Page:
6 small business funding options

12 Feb, 2014 | Articles

When you’re first starting out with your small business, it can be a little difficult to qualify for a business loan from your local bank. However, there are other ways to get access to the funds you need to support your business through its initial stages of growth. The following 6 small business funding options are some of the most common at the beginning of your journey.

Savings

This is the #1 small business funding option for most people. To the extent small business owners have a nest egg, they will typically use a portion of it before searching for third-party funding.

Tapping into some of your savings is a great way to get started with the clear benefit that it doesn’t have a cost (i.e no interest rate). Of course, the downside is that it is your capital that is at risk and if things go bad its all on you!

Credit cards

Credit cards are the go-to source of funding in the absence of longer tenor debt. According to a 2012 National Federation of Independent Business study in the US, a whopping 79% of small business owners used personal credit cards to start or grow their business.

Larry Page and Sergey Brin used credit cards to fund Google in its infancy and so have many other successful startup businesses. There are of course, also a lot of small businesses that have used credit cards and failed miserably. The credit card option is a good fall-back when no other financing options are readily available. The big downside is that it significantly increases the risk of failure because if you don’t have enough cash flow to meet your monthly credit card payments, things can get ugly very quick – so handle with care.

Family and friends

Do you have a rich uncle? Many startup ventures are funded by friends and family. This is especially true where the entrepreneur has personal experience and a background working in the industry (such as a chef starting his own restaurant) and where the capital cost of the startup is relatively large and not easily able to be financed through other means. If you adopt this route just be sure that your family fully understands the risk in the venture.

Grants

There are a large number of Federal and State grant programs available in Australia for startup businesses. These programs are typically reserved for unique business models and may require a degree of technological innovation from what is currently on offer in the market. They are also notoriously difficult to get. To see an overview of the grants on offer check out Australian government grants:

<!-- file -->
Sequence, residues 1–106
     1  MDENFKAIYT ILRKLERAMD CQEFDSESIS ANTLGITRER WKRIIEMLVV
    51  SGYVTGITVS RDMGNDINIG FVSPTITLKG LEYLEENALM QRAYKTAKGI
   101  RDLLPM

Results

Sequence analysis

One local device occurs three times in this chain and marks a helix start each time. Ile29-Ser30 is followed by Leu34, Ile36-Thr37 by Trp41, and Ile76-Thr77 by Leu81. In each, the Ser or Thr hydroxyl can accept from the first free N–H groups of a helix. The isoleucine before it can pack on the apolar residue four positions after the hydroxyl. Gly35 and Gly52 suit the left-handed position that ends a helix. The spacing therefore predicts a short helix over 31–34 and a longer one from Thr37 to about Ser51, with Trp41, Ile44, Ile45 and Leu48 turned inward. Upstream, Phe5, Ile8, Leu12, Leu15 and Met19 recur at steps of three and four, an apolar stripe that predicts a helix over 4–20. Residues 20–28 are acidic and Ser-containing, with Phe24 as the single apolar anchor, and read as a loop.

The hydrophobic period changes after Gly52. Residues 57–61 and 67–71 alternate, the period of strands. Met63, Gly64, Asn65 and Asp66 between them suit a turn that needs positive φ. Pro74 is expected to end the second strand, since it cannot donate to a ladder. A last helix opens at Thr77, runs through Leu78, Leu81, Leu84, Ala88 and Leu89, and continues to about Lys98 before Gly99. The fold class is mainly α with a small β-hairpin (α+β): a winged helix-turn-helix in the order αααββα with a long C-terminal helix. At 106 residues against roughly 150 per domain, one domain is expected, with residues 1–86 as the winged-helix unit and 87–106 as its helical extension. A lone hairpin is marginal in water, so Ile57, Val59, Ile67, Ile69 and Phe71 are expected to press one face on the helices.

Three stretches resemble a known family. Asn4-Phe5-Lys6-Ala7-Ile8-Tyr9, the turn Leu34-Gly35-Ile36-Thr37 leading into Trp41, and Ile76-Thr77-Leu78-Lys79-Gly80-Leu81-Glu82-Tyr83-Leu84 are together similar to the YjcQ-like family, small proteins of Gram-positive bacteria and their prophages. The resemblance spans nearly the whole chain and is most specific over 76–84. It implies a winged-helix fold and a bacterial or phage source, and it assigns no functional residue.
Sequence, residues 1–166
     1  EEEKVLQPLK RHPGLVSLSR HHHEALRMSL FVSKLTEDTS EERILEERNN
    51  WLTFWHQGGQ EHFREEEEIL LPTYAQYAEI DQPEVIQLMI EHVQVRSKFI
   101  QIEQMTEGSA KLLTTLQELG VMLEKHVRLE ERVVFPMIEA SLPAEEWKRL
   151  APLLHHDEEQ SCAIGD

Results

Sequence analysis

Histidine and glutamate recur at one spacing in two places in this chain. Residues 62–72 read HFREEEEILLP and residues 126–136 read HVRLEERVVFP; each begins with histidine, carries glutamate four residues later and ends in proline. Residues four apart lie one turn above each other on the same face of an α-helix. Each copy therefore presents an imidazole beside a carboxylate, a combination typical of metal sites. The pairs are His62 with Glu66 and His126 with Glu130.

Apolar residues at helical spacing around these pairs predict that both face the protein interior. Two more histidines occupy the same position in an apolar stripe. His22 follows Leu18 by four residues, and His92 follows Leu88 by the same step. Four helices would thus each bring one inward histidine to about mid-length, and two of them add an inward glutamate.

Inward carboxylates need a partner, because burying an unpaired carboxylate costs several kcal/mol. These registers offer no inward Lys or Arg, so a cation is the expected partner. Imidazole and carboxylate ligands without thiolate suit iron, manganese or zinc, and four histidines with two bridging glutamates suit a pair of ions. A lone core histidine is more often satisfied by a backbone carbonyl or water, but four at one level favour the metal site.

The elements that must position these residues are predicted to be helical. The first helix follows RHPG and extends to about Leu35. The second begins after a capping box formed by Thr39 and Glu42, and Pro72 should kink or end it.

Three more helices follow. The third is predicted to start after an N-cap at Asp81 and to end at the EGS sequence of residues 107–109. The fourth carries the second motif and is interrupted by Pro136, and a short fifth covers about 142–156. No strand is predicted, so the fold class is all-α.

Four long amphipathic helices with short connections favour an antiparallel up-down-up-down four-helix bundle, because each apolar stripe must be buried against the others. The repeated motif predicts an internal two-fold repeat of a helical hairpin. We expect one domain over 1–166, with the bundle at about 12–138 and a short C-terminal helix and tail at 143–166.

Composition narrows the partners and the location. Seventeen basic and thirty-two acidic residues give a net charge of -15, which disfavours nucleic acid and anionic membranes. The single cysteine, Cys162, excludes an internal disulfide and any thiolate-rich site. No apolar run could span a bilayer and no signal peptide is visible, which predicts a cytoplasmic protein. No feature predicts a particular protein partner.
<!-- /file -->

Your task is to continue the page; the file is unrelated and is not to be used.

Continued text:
Bank borrowing

Bank financing is (with the exception of grant funding) typically the cheapest form of financing but also one of the most difficult to get. Most banks don’t fund startups but they will lend against property security so if you own property, you can potentially draw capital from this asset to fund your loan.

Non-bank finance

In Australia there are now a number of non-bank debt alternatives for small businesses. Companies like Silverchef provide funding to small business operators that need equipment finance. In addition, there are a number of operators in the invoice discounting and factoring space that provide working capital solutions for more established businesses. These players include Bibby Finance and Scottish Pacific.

And here at GetCapital we provide a range of business finance solutions to help small and medium businesses fund their growth with the right type of business loans to suit their needs (without necessarily requiring property security).

Conclusion

Getting your financing right for your small business is one of the keys to startup success. It’s not just about the cost of the financing. It’s also about getting the right financing partner who will grow with your business. Most entrepreneurs underestimate the funding they require – so think carefully about both the amount and type of funding you need.

And lastly, good luck growing your business!

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Categories

Manage Cash Flow

Expand & Grow

Purchase Assets

Payments